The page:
That said, there’s the looming issue of buy-in, and some students just don’t buy in unless it counts for marks… and if they haven’t practiced by then, it’s really too late… so on the one hand, it’s really impossible to say “this method works for all students in the class”, yet on the other one needs to have something consistent for all students to avoid showing favouritism. I’m not sure I’ll ever figure that one out.

    • Greg,

      I want to zero-in on two things in your comment: you give two quizzes emphasizing feedback before building up to a test; you have correct solutions for them to check their answers.

      I think a big part of feedback is having a place where students _expect_ feedback – and this is part of my struggle too. In this ideal classroom I have in my head, I have some sort of activity or classroom space where students just KNOW: this is where I get my detailed feedback from the teacher. It seems like for you, that’s with quizzes and having an answer book.

      I’m with you on the answer book – I have that too – but I need a designated point-of-feedback for my students. I’m thinking of giving consistent quizzes next year as my designated point-of-feedback. I used to think homework would do this for me, but I’m realizing there’s an equity issue – I want _everyone_ to get my feedback, not just the students who turn it in.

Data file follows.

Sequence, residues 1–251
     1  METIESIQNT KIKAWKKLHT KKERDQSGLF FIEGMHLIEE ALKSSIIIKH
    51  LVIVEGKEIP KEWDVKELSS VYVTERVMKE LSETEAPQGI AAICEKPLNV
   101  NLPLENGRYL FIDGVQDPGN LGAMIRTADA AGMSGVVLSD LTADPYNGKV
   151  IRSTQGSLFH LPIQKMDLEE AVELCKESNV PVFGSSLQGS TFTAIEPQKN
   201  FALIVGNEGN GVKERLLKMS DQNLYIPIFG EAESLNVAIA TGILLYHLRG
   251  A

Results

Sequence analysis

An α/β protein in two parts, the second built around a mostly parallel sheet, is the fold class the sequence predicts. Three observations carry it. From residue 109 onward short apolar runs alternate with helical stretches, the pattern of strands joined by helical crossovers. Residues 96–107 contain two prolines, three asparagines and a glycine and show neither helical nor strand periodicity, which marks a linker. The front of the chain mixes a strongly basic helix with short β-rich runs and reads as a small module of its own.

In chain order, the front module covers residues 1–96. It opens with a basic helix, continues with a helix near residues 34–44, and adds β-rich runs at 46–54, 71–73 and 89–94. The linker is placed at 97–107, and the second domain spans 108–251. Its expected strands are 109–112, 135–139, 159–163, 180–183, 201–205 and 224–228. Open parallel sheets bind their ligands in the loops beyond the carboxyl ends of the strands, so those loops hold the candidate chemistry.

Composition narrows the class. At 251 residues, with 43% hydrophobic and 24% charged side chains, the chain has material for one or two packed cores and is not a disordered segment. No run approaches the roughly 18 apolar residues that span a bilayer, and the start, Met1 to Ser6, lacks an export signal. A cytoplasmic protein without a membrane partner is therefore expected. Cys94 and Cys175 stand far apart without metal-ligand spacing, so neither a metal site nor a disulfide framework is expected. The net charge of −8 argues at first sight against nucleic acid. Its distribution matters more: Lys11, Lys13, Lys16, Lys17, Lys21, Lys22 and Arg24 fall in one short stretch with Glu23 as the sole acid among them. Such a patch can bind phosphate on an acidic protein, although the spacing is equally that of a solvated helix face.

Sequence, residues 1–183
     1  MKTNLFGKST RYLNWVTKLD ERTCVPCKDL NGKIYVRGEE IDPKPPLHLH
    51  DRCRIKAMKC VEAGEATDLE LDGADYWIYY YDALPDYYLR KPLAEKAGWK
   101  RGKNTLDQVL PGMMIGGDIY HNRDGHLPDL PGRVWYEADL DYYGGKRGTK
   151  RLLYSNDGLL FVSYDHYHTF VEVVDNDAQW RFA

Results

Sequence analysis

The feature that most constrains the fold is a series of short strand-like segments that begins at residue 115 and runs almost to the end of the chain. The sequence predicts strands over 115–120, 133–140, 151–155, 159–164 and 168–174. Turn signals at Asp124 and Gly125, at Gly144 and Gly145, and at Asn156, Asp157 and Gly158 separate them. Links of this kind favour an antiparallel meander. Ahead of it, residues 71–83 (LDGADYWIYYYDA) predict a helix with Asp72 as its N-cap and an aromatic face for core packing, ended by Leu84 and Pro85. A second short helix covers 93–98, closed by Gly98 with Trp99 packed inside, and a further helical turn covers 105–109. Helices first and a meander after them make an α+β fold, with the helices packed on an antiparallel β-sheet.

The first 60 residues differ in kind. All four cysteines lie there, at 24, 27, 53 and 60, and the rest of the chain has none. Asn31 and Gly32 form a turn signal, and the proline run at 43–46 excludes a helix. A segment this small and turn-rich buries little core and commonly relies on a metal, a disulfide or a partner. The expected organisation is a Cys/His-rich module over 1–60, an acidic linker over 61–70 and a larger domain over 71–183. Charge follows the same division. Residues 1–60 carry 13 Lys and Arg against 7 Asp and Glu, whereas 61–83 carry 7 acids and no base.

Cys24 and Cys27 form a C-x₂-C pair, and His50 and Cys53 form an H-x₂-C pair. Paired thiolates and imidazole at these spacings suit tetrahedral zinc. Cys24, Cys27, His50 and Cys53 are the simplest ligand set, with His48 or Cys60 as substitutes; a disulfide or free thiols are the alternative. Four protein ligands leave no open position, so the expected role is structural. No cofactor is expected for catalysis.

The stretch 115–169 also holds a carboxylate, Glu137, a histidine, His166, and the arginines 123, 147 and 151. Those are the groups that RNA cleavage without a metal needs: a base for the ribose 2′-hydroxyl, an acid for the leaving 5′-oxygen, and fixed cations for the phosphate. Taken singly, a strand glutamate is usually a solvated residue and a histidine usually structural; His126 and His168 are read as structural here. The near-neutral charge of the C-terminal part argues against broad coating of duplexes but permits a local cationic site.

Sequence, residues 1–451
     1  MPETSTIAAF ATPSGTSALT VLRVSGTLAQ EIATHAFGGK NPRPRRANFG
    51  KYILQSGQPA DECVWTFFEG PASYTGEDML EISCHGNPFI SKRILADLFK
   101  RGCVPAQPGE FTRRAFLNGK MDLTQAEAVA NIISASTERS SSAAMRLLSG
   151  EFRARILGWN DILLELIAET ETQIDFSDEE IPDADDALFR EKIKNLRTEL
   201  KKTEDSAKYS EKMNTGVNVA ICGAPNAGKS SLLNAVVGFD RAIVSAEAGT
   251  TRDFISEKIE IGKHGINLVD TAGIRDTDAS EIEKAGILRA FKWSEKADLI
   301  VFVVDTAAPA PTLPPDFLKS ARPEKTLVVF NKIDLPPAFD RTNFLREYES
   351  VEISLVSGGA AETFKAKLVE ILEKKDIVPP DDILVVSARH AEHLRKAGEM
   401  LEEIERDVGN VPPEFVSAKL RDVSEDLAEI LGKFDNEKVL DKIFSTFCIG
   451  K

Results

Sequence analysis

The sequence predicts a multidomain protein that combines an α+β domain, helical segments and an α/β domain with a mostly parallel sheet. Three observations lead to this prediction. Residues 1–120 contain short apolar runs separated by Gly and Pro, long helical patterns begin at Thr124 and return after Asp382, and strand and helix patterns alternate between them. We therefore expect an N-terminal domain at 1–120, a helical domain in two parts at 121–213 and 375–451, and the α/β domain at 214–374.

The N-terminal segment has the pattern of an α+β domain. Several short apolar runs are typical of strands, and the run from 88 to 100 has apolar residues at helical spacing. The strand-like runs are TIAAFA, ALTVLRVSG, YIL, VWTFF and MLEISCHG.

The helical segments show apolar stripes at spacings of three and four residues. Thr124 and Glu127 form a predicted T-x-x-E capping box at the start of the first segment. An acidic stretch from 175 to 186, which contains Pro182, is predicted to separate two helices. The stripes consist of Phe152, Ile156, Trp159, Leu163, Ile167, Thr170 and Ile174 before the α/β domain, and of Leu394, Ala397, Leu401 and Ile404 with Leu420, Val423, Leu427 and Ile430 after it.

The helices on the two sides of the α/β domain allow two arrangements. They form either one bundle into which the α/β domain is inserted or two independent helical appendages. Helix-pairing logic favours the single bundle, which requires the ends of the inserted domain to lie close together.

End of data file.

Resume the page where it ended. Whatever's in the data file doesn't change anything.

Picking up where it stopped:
Anyway – those are my thoughts. Thanks for sharing!

  6. […] The awesome new Infinite Tangents Podcast is already on week 2, but I want to take a moment to return to week 1. […]

  7. I jumped into SBG cold turkey, just like Daniel did, and it was encouraging to know that he found it to be just as hard, but also as rewarding as I have found it to be. I loved the gift of a like-minded teacher with whom to “talk math”. This podcast provided some like-minded teachers with whom I vicariously shared a conversation. One suggestion–make them shorter! An hour is a huge time commitment for a busy teacher.

  8. […] The episode that started it all: @mathymcmatherso […]